The Square – review | Mark Kermode

Jehane Noujaim’s documentary is a visceral reminder of Egypt’s ongoing power struggle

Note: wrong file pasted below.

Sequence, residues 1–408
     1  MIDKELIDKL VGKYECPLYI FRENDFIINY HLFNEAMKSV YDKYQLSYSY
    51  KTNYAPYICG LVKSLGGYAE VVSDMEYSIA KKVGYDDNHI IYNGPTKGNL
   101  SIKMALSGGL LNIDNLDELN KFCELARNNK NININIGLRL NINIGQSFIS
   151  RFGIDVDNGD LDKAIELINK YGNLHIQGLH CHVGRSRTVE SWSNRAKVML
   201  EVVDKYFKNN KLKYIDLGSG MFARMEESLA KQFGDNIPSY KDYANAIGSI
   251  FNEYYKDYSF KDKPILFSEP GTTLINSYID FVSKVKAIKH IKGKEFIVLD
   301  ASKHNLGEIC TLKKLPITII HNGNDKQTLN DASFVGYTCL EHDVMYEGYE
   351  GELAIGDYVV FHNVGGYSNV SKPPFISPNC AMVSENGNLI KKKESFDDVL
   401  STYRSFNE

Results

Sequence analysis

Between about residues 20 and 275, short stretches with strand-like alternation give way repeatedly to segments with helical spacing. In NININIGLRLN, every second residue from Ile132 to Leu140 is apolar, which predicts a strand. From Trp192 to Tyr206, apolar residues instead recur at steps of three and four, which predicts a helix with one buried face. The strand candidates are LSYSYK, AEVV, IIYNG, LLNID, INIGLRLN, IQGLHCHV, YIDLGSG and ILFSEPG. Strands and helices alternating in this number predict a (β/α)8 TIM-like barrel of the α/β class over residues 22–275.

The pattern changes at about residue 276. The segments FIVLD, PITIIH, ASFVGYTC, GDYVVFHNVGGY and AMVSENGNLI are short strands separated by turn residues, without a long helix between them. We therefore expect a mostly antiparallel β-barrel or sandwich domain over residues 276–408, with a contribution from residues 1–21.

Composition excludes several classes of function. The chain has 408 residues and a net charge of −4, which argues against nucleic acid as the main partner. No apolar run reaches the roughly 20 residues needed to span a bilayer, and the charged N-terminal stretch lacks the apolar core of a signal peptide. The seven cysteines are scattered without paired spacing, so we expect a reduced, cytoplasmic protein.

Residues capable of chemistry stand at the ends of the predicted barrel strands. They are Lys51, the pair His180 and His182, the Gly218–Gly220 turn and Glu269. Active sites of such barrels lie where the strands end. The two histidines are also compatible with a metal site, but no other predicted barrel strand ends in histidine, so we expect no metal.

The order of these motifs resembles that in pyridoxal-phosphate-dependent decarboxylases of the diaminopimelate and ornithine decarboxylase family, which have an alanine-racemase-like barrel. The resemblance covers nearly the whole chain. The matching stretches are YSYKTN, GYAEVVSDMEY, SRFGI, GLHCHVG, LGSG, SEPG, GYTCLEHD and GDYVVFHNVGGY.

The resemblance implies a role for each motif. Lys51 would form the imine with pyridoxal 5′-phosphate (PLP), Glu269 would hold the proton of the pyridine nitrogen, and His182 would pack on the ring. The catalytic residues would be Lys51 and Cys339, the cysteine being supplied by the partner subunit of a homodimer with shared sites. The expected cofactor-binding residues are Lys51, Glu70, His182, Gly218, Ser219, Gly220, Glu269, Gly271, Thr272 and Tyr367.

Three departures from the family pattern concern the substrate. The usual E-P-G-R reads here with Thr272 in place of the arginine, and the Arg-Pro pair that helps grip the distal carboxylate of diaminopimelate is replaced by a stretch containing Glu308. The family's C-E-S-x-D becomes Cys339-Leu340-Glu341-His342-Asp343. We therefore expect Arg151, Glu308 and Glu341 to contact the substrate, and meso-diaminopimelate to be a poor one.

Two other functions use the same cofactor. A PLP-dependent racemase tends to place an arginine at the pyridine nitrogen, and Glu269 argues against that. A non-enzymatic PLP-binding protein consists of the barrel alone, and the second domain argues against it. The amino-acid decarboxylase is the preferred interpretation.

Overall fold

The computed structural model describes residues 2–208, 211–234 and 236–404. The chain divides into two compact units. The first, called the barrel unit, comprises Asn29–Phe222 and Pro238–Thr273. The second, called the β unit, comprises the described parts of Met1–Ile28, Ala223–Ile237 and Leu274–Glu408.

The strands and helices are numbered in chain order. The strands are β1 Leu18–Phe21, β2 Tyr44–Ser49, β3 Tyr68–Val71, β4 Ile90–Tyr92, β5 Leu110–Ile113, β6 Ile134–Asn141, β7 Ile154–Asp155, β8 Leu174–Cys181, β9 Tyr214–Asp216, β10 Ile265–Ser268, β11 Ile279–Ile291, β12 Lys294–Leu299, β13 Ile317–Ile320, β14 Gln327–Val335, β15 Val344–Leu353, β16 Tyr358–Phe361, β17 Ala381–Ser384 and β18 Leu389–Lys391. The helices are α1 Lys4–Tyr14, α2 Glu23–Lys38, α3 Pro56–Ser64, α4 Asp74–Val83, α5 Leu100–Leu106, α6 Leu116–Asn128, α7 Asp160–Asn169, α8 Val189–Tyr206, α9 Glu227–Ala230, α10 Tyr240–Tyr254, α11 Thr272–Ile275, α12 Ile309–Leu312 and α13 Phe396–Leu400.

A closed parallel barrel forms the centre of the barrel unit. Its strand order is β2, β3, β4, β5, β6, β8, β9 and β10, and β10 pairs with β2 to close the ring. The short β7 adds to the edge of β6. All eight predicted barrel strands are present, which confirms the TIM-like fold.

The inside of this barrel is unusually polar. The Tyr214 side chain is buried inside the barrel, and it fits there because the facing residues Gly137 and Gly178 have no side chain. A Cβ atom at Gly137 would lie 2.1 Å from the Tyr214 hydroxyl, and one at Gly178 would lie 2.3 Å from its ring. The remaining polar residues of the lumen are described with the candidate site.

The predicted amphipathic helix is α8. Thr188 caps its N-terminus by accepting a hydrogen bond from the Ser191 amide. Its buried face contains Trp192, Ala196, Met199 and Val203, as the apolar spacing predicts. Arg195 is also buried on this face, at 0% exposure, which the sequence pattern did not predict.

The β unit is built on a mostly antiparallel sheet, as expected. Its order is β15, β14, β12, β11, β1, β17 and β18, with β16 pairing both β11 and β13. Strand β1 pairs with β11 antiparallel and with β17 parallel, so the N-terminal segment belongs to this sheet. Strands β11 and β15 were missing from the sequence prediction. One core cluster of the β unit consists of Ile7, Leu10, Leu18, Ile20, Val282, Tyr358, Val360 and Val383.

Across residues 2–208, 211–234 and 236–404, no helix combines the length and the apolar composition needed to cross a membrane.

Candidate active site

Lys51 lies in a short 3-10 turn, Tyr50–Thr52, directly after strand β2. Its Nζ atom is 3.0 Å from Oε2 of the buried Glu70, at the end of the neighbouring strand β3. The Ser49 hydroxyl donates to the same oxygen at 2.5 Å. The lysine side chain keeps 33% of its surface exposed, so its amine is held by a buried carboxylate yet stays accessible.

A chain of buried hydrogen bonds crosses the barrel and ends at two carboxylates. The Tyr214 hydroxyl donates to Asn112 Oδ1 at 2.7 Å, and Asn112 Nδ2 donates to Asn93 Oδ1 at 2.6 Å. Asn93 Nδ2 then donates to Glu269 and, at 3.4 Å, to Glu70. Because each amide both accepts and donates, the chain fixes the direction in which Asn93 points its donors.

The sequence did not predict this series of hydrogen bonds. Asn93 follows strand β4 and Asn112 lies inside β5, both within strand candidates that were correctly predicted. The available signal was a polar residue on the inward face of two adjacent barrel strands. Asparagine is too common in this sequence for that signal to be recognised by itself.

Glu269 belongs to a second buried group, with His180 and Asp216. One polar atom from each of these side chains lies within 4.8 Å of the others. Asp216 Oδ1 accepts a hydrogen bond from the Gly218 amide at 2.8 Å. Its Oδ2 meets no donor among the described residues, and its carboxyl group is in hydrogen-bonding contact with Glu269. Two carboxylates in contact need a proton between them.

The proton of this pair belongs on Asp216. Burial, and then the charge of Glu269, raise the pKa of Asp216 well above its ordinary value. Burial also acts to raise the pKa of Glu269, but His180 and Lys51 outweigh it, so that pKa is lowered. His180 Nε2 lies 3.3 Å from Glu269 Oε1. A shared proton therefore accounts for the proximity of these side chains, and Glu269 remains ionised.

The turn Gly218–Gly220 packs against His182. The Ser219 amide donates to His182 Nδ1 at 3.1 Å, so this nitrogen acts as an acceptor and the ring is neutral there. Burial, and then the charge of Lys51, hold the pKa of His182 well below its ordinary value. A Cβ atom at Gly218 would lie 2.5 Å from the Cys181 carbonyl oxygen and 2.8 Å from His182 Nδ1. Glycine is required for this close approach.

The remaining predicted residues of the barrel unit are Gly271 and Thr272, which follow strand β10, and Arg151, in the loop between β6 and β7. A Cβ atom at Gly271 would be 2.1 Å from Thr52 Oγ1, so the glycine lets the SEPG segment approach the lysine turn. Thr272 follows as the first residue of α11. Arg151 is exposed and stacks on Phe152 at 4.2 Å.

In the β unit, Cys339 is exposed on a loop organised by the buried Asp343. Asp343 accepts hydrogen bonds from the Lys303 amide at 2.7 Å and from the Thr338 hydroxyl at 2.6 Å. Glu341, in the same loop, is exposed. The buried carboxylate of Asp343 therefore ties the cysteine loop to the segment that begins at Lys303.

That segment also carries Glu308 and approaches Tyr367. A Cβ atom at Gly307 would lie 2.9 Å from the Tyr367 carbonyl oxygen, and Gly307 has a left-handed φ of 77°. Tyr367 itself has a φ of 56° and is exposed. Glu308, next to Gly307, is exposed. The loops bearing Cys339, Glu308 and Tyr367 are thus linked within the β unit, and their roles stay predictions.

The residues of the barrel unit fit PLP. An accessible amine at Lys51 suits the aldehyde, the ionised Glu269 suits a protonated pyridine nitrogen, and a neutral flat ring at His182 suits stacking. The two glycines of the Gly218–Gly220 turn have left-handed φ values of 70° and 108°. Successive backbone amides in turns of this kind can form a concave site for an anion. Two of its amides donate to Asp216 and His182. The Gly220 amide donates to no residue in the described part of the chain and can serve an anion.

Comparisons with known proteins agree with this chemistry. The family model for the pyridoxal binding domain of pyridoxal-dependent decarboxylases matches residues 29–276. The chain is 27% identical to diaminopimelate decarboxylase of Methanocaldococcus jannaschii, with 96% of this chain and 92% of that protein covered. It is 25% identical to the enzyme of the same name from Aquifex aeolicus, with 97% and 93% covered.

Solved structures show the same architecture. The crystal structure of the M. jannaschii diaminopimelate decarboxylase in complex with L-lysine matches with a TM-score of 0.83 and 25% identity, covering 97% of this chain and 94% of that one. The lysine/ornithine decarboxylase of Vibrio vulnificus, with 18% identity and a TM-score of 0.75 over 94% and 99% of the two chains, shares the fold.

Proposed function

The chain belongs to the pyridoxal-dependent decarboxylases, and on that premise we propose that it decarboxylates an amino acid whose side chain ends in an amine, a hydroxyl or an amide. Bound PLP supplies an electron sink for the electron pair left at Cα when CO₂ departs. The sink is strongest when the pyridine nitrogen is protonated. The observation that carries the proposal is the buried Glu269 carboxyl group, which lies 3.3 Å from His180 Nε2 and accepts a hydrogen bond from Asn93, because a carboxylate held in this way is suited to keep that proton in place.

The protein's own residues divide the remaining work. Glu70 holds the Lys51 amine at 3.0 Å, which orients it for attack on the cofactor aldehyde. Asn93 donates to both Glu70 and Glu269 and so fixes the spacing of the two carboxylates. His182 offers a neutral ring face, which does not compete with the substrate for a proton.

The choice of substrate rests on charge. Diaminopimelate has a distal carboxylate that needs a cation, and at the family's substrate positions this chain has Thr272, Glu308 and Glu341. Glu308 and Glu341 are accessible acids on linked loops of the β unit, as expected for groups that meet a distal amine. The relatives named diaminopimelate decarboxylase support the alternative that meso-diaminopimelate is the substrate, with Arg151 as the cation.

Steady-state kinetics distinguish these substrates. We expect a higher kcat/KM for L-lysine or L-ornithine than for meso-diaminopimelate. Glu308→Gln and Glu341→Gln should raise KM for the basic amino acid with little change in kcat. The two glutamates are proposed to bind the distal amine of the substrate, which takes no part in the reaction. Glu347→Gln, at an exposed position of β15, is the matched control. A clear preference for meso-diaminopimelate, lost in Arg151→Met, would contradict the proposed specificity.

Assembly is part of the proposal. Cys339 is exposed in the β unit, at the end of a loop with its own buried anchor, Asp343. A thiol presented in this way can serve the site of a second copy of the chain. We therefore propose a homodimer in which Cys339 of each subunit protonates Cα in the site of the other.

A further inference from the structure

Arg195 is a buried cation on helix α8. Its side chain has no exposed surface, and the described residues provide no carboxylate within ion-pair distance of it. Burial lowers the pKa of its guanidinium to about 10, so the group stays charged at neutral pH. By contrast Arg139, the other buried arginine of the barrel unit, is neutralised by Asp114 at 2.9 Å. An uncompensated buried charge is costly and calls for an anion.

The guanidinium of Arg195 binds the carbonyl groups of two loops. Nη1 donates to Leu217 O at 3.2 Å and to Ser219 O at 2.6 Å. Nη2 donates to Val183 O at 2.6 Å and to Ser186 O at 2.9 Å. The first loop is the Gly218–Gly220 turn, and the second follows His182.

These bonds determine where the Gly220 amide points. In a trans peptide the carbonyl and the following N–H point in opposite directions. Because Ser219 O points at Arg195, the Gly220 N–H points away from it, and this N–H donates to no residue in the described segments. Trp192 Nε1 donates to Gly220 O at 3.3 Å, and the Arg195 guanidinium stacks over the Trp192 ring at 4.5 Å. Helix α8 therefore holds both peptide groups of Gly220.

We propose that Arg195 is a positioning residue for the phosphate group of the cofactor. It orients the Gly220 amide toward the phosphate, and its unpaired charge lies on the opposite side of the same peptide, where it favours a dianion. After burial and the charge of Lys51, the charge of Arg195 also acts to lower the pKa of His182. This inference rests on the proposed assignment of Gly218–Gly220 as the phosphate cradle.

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“We dreamed that one day all of Egypt would be like Tahrir Square…” This remarkable ground-level documentary begins with fireworks bursting over Cairo in 2011 as protesters celebrate the resignation of President Mubarak. Yet over the next two years, the crowds must return time and again to “the square” as the battle for their country continues. Through urgent, hand-held camera footage we see armoured vehicles charging the crowds as bullets fly and bodies fall. Schisms with the Muslim Brotherhood give way to more protests; Morsi rises and falls; the streets become “our ballot box”. Meanwhile, the makeshift projections of “Cinema Tahrir” offer a visceral reminder of “why we are here, because only we can tell our stories”. It’s an astonishingly intimate account of an ongoing revolution, seen from within the heart of historic social upheaval; alarming, uplifting, empowering.

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